Widely trailered as a fabulous re-enactment of of Sophocles Greek tragedy, the King’s Theatre’s first night of Antigone played to a packed audience. Â With actors and scenes of drama of a very high calibre, rarely, as a reviewer and occasionalÂ performer, have I experienced such a gripping theatrical offering.
Juliette Binoche plays her part as Antigone – an early example of a true feminist and much more besides – with passion and conviction. Brilliant actor, Patrick O’Kane as Kreon, is uncle and guardian of Antigone and her sister Iseme (played by Kirsty Bushell). So beginÂ the bitter verbal exchanges over the deaths of their brothers, and Kreon’s opinion of his own unalienable right to decree what should happen to the corpses and his own right to rule Thebes following the end of the bitter civil war.
The stage set is minimalist and dramatic. A huge moon, brilliantly lit in all its phases – from new to full – Â hangs dominantly over the stage and theÂ background is softly lit. Â There is a quietÂ video scene of modern day in contrast to the main action – supporting rather than detracting from the battles being conducted verbally and physically in front of it.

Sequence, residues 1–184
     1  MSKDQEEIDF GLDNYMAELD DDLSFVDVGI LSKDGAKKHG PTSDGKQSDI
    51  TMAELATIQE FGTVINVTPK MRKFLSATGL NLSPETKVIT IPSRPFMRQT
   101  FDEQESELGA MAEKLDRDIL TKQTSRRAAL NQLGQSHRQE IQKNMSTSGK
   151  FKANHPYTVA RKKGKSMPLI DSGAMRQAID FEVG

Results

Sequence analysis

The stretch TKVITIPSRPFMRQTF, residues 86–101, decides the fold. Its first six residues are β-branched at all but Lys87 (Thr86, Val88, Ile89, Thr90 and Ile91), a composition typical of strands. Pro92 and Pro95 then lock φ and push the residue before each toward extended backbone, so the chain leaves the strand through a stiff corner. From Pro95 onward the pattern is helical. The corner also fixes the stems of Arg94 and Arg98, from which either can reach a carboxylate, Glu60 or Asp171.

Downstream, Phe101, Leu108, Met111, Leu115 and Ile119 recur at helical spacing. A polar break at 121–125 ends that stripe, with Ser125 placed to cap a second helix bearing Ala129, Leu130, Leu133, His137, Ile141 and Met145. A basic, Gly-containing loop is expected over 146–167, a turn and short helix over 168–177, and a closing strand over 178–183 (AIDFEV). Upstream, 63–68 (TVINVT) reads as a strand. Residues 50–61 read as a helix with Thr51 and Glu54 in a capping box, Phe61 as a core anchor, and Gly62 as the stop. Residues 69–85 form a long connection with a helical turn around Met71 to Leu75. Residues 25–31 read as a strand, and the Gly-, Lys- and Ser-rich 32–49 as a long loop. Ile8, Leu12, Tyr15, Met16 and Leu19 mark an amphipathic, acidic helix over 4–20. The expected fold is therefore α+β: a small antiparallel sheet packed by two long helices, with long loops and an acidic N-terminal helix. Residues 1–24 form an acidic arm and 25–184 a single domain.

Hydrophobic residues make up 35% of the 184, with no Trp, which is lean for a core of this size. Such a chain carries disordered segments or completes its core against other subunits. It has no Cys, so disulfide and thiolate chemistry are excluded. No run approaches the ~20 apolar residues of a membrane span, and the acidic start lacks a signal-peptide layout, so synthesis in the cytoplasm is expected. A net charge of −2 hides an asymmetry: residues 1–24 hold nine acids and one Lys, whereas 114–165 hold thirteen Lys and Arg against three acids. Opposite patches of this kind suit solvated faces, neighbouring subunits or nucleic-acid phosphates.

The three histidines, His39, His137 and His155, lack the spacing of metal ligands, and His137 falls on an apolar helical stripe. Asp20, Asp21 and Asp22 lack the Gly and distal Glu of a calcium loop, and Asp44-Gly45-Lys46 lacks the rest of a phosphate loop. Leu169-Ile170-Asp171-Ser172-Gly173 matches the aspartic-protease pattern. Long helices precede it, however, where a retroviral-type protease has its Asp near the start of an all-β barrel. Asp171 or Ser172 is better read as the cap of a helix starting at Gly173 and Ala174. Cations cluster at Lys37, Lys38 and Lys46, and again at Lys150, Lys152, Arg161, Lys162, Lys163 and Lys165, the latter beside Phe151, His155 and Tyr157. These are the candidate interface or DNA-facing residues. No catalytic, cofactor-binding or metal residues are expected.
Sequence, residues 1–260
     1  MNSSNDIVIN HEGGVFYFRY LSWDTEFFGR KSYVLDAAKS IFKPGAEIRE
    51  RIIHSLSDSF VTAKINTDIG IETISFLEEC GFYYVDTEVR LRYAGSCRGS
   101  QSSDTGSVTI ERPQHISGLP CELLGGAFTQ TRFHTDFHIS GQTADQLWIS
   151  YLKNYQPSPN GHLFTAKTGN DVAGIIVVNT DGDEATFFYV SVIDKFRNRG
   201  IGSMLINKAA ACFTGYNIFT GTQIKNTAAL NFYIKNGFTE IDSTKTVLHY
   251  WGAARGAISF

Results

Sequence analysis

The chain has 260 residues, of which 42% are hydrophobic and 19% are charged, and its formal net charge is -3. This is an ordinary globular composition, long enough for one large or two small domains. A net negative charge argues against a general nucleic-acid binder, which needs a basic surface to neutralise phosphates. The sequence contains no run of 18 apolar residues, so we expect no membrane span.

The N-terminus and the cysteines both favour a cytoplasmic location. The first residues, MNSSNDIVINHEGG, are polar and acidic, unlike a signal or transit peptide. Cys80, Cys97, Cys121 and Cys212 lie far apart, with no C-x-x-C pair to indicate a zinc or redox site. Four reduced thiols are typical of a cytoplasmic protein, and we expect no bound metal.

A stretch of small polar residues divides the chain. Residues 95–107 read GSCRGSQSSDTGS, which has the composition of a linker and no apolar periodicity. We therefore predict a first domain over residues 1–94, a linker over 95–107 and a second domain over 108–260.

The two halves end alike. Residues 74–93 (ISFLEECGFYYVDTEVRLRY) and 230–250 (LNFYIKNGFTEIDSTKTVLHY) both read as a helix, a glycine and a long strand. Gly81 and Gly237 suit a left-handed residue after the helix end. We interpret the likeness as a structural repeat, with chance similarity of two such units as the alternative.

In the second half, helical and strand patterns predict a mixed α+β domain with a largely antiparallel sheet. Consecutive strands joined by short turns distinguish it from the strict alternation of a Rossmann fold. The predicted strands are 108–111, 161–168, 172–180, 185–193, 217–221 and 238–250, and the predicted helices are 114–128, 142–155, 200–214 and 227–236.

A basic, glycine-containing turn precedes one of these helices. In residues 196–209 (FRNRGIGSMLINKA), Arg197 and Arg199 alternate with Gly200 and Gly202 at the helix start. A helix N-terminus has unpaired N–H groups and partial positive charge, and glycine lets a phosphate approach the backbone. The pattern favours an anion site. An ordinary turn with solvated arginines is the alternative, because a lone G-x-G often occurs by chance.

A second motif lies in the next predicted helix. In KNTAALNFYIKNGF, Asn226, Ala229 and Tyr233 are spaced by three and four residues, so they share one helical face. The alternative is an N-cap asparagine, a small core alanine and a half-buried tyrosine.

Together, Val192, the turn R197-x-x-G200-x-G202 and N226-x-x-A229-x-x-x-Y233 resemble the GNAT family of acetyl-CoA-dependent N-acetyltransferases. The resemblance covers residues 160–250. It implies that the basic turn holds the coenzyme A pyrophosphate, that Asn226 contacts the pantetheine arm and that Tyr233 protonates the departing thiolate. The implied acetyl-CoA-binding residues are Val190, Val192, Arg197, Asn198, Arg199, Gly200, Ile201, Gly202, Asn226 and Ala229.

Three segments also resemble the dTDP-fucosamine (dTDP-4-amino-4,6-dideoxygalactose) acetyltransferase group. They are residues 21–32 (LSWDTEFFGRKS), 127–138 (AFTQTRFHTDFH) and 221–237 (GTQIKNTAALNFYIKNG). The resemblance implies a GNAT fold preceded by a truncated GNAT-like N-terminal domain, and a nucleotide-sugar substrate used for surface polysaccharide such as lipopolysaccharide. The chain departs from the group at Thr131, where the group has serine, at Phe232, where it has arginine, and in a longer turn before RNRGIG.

The ‘Chorus’ comprising senior advisors and including the actors in their dual rule are summoned by the still despotic Kreon to advise on the way ahead for Thebes. Allegedly Kreon believes this should be a democratic process but only if he agrees it. Initially the Chorus means to be non-judgemental but quickly turns on Antigone, blaming her for the tragedy of the unburied bodies of the two brothers who were meant to share power following the death of their father. But the brothers had met a violent death during the civil war.
I found it impossible to single out any of the actors to praise more than others; Â each of them was a brilliant example of personal talent being almost subsumed to portray such drama as highlights the aftermath of Â conflict. The terrible wars and lust for power, mitigated by some individuals with the courage and integrity to speak out against tyranny, was acted out with such conviction it reminded me how the circle still turns.
In between the arguing, bitter words and some violence, flashes of humour lighten the atmosphere, rippling round the audience in a way unexpected but, I felt, bringing us together within the action unfolding on the stage in front of us.
Ivo van Hove, the director of the play and his team will, I believe, be rightly proud of this production. The play runs on the advertised dates until 22nd August. So there is still time for Lothian Life readers to try to get along to this wonderful play.
The Kings Theatre, Edinburgh